On The Morning Shift today, while discussing Mayor Emanuel’s ambitious plan to massively expand high speed internet connectivity throughout the city, Chicago’s Chief Technology Officer John Tolva called alleys “the unsung hero in Chicago.” He was making reference to the city’s ability to string fiber optic cables aerially, rather than underground, but it got me thinking about the part that alleyways play in Chicago’s unique personality. How has the city been shaped by the small, nameless veins that connect its major arteries?
That imagery may seem a little florid, but it’s important to understand that Chicago is, at its heart, a city of alleys. They predate almost every identifiable landmark, stretching out over 1,900 miles, helping to ease congestion throughout the city. While the lakeshore and the el are embedded in the city’s consciousness, alleys touch something deeper.
Last week’s sale of Hyde Park Bank & Trust. Co’s parent company is the latest example of community banks losing ground in a market dominated by multinationals with ATMs on every street corner and online banking. But as Crain's reported, what's interesting about the Hyde Park Bank sale is that they actually weren't suffering too much financially.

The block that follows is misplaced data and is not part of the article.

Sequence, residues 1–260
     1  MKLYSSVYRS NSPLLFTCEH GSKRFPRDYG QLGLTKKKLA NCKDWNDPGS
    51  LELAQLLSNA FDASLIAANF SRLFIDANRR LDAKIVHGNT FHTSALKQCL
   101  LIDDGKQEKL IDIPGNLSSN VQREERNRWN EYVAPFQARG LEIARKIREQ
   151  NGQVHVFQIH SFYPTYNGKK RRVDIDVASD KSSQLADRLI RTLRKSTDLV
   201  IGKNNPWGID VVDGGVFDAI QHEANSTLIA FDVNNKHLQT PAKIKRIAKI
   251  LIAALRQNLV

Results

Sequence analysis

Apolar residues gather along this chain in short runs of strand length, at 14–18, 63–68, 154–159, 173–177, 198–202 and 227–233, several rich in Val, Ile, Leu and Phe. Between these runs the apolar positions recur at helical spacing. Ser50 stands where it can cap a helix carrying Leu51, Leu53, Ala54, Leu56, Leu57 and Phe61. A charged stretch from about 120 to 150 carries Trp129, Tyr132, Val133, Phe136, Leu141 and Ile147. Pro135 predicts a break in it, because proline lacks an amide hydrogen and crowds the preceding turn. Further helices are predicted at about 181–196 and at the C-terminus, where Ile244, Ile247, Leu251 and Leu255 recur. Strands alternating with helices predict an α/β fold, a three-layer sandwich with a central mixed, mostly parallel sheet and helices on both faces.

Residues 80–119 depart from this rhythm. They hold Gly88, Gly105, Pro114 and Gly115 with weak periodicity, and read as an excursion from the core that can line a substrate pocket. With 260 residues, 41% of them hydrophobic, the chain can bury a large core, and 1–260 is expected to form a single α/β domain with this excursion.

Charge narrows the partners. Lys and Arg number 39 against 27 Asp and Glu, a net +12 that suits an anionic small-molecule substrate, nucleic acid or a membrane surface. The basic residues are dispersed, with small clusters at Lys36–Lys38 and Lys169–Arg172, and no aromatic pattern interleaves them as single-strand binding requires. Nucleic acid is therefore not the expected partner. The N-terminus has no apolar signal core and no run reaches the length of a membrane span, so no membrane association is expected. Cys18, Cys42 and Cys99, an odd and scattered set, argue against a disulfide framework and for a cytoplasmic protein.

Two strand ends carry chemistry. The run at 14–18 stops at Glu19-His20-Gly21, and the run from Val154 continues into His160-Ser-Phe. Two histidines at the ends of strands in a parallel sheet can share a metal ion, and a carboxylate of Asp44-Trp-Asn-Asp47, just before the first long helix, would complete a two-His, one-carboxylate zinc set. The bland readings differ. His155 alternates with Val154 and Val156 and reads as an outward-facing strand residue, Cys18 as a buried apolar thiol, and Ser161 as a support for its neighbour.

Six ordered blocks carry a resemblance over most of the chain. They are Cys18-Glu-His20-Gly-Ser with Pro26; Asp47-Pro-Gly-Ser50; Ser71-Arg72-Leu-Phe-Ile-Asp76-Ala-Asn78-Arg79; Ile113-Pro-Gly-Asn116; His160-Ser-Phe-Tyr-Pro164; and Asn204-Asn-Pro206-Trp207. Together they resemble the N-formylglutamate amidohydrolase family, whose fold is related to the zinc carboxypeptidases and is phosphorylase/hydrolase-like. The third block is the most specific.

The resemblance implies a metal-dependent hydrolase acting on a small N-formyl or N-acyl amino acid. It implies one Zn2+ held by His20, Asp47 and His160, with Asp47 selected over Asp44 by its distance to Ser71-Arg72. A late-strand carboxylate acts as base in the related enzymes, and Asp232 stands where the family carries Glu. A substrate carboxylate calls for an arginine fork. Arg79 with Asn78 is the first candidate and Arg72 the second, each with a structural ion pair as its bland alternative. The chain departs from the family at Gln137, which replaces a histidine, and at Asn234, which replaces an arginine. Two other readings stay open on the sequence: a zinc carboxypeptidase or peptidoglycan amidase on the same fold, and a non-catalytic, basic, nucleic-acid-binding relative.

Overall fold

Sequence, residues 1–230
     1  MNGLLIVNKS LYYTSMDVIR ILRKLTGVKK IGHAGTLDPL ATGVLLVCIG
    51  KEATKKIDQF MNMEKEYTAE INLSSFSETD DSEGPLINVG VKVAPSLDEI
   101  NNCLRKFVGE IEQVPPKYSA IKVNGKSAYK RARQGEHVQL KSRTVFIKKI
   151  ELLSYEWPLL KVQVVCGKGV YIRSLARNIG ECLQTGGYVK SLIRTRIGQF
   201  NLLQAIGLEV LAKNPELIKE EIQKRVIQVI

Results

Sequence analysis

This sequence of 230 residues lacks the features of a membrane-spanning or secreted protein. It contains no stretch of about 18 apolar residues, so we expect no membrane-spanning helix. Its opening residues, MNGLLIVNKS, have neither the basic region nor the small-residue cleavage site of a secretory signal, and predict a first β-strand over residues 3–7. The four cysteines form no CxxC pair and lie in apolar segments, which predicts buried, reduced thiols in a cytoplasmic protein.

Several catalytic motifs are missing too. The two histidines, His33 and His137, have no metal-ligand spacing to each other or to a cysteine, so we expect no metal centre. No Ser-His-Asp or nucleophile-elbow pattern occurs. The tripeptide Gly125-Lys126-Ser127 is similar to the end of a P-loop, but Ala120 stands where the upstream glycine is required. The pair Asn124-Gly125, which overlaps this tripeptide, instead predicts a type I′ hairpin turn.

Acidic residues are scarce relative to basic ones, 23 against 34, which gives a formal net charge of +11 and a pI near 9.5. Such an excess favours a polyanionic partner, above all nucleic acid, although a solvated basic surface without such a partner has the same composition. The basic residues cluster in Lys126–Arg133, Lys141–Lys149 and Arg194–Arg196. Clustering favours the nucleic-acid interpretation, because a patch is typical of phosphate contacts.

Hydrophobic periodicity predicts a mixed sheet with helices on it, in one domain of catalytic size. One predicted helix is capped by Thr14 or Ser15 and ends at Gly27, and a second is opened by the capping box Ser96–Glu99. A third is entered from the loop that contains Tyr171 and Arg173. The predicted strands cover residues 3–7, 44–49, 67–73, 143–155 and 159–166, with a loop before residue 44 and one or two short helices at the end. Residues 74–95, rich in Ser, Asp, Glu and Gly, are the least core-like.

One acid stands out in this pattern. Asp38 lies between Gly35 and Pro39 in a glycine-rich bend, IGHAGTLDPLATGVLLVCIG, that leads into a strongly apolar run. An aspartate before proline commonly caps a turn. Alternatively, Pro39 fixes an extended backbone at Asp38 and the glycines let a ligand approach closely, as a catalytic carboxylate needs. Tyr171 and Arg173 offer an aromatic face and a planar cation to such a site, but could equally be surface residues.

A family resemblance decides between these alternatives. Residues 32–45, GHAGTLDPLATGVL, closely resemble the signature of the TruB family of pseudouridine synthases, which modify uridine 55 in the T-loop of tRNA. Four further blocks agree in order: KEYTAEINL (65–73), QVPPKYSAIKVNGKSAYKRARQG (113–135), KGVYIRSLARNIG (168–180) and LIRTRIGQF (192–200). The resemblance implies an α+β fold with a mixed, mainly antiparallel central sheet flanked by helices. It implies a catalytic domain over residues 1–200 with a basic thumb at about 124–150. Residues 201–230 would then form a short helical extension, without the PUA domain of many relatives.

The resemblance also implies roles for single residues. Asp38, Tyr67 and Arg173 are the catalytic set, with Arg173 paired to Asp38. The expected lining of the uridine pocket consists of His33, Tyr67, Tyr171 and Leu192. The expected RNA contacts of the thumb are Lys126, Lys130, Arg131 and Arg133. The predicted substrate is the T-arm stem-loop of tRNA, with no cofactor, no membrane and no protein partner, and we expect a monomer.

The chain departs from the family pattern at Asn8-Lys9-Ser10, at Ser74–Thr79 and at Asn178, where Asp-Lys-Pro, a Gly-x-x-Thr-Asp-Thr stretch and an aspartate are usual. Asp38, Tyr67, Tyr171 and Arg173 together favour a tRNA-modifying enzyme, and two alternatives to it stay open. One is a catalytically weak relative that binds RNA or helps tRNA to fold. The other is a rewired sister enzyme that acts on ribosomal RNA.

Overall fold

What drove the sale then? The bank wasn't sure they could continue to lend to community members. “The environment for banks like ours is just incredibly difficult,” said CEO Timothy Goodsell. “And we don't see things getting better anytime soon . . . We could certainly continue to make money and move forward. We just felt our shareholders, employees and customers probably would be better off paired with a larger bank.”
As you can see from the map below, Chicago actually has a bevy of community banks.
Author Michael Chabon has written novels about many cities, like New York, Alaska, Pittsburgh, but his new book Telegraph Avenue is the first to tackle his own Berkeley, California.
Described as "a world grounded in pop culture—Kung Fu, ’70s Blaxploitation films, vinyl LPs, jazz and soul music" by his publisher, the book does what Chabon does best and dives into the close relationships between a few characters in a web of a larger historical and cultural context.
Chabon spoke candidly with Morning Shift host Tony Sarabia about the themes of Telegraph Avenue last week; here's a preview of some of his comments on music, race and fatherhood.
As an essayist and columnist Christopher Hitchens was omnivorous. He wrote on anything and everything that piqued his curiosity. He commented, critiqued and satirized poetry, politics, politicians, popular culture, media personalities and religion. Nothing was safe from his scrutiny.
And so, of course, when he was suddenly faced with the great “mystery of mysteries,” his own pending death from esophageal cancer, he dealt with is the way he dealt with all of life — he wrote about it. The result of his efforts is recently-released Mortality, a slim volume of seven essays that chronicle his 18-month end-of-life journey through “Tumorville.” (There is an eighth chapter, but it is made up of fragments and notes that he jotted down in his last days.)
There’s an old military saying: “There are no atheists in foxholes.” That's when the bullets and bombs start to fly, and saying goes, and everybody believes in God.